Valley Works: Underemployment frustrating to many

FRESNO, Calif.

Analysts say there are just as many people who are overqualified for their job.

Many workers in that position feel like they are stuck - if they want to pay the bills they have no other choice. We talked to a Fresno career coach who says there are many steps you can take to improve your work situation.

Phill Rhoads is more optimistic when it comes to finding a job. It's been two years since he was laid off from what he called a dream job as a computer graphic designer with AT&T.

"It's the biggest communications company in the world and it was great union wages - that was an awesome job," Rhoads said.

It's the kind of job Rhoads doesn't believe he will be able to find again. He knows - he's been looking.

"A lot of other jobs that were asking for the same thing with ad companies, marketing companies, they were only wanting to pay people half the amount I was making," Rhoads said.

Rhoads calls it the reality of today's job market, one where you can expect to see hundreds of people competing for the same job and many willing to take whatever they can get.

"The job market is so brutal right now; you don't know when the next job offer is going to happen," Rhoads said.

People working in part-time jobs, people working in jobs where they are overqualified and not using their skills - they are called the underemployed. Statistics show their numbers are equal to the number of people without jobs.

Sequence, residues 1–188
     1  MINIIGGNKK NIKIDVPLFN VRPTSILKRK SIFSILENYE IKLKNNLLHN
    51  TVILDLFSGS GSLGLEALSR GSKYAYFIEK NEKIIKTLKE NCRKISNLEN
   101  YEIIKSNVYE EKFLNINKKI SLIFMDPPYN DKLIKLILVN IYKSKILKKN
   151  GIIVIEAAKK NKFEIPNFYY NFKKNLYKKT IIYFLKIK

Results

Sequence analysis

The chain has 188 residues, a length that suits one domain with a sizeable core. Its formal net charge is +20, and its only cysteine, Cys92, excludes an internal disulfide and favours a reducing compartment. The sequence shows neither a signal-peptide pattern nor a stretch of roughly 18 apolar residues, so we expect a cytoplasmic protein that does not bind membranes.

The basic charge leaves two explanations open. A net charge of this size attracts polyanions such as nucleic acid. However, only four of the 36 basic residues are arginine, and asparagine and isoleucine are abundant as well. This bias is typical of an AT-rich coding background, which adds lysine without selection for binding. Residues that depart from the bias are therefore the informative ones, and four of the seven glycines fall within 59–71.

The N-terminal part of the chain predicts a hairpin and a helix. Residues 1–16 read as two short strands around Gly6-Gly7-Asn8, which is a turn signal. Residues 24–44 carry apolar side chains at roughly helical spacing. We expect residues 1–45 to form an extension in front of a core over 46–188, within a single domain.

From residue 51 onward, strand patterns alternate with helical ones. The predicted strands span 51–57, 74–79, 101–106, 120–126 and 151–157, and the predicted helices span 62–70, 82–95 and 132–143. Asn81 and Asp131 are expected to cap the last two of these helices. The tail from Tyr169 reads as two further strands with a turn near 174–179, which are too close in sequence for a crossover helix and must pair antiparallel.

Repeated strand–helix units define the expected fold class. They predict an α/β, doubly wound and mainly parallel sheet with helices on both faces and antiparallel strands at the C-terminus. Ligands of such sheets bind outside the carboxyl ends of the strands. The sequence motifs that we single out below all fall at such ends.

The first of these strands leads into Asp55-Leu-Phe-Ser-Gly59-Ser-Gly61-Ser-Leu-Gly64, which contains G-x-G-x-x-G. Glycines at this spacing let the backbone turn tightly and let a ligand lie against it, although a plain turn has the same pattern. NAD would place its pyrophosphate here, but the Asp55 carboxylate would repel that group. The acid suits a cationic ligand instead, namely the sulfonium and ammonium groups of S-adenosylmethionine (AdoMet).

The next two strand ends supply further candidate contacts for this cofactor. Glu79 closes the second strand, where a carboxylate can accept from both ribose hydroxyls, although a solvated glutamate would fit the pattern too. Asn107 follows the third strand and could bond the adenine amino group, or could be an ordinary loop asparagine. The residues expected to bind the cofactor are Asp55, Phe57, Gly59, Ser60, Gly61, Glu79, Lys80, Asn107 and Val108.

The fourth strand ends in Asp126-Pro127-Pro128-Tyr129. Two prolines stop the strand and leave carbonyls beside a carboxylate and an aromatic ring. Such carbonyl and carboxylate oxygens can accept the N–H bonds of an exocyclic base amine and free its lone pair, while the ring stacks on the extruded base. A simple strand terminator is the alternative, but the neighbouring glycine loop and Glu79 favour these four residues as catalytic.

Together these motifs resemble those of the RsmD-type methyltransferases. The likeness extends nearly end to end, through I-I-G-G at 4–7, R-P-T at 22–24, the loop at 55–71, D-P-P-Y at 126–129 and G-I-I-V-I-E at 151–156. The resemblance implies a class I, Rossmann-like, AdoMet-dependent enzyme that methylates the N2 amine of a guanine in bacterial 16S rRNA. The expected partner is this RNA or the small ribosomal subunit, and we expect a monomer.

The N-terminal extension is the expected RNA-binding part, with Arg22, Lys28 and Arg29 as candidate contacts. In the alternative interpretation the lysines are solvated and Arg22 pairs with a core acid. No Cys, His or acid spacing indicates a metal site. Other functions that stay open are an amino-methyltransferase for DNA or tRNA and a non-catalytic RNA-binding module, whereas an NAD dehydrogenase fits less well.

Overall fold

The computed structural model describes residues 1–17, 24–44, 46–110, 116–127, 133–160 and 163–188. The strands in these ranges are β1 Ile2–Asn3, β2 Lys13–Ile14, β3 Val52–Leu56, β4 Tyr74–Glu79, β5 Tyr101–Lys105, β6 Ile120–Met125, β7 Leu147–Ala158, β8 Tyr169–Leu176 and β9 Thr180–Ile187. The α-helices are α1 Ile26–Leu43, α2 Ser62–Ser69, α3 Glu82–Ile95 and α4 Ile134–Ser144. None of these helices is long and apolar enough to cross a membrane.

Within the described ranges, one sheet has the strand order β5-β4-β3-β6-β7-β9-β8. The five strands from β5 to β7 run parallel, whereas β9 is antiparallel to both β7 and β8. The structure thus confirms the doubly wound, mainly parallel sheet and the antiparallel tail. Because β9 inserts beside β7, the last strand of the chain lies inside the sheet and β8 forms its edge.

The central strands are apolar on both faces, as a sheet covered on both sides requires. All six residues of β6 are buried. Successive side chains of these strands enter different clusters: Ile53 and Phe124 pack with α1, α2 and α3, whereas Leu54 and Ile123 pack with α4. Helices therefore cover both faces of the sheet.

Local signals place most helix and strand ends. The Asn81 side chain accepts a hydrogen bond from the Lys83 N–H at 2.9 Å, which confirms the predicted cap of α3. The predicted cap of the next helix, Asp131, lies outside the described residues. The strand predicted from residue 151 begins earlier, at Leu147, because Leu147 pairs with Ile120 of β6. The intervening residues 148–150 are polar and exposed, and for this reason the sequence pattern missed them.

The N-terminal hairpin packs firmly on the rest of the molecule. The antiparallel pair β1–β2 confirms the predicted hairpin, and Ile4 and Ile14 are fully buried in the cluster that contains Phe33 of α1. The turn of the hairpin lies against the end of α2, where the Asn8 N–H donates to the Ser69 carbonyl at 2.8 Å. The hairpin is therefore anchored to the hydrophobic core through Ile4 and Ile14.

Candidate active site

Career coach Susan Whitcomb calls them the painfully employed.

"And those are people who aren't in jobs because they choose to be there, they are there because they've made a decision that they have to make house payments or provide for their family," Whitcomb said.

Whitcomb says workers in this position often feel like they don't have a choice, she says they do - they can use the job as an opportunity to improve their skills or work to get a promotion

"Maybe it's a new project you might suggest to your boss that you could do that you could show you're a team player," Whitcomb said.

Whitcomb, who is also author of the book, 30-Day Promotion, encourages workers to take a very pro-active approach to managing their career.

"You need to be able to say these are my goals, these are the people I need to know to get to where I want to go," Whitcomb said. "These are the skills I need to add to my tool-belt, these are the accomplishments I need to be able to add to my resume."

It's advice job-seekers like Rhoades agrees with and says you need to try to find opportunities where you are.

"Prove to people you can do your work the best you can and hopefully there will be openings where you can move up in the company you're with," Rhoades said.

Whitcomb says if you do plan to look for another job while working, don't do it on your current employers dime. Be sure you're not using their resources and time. Instead look for opportunities to network in the evenings and during your lunch hour.

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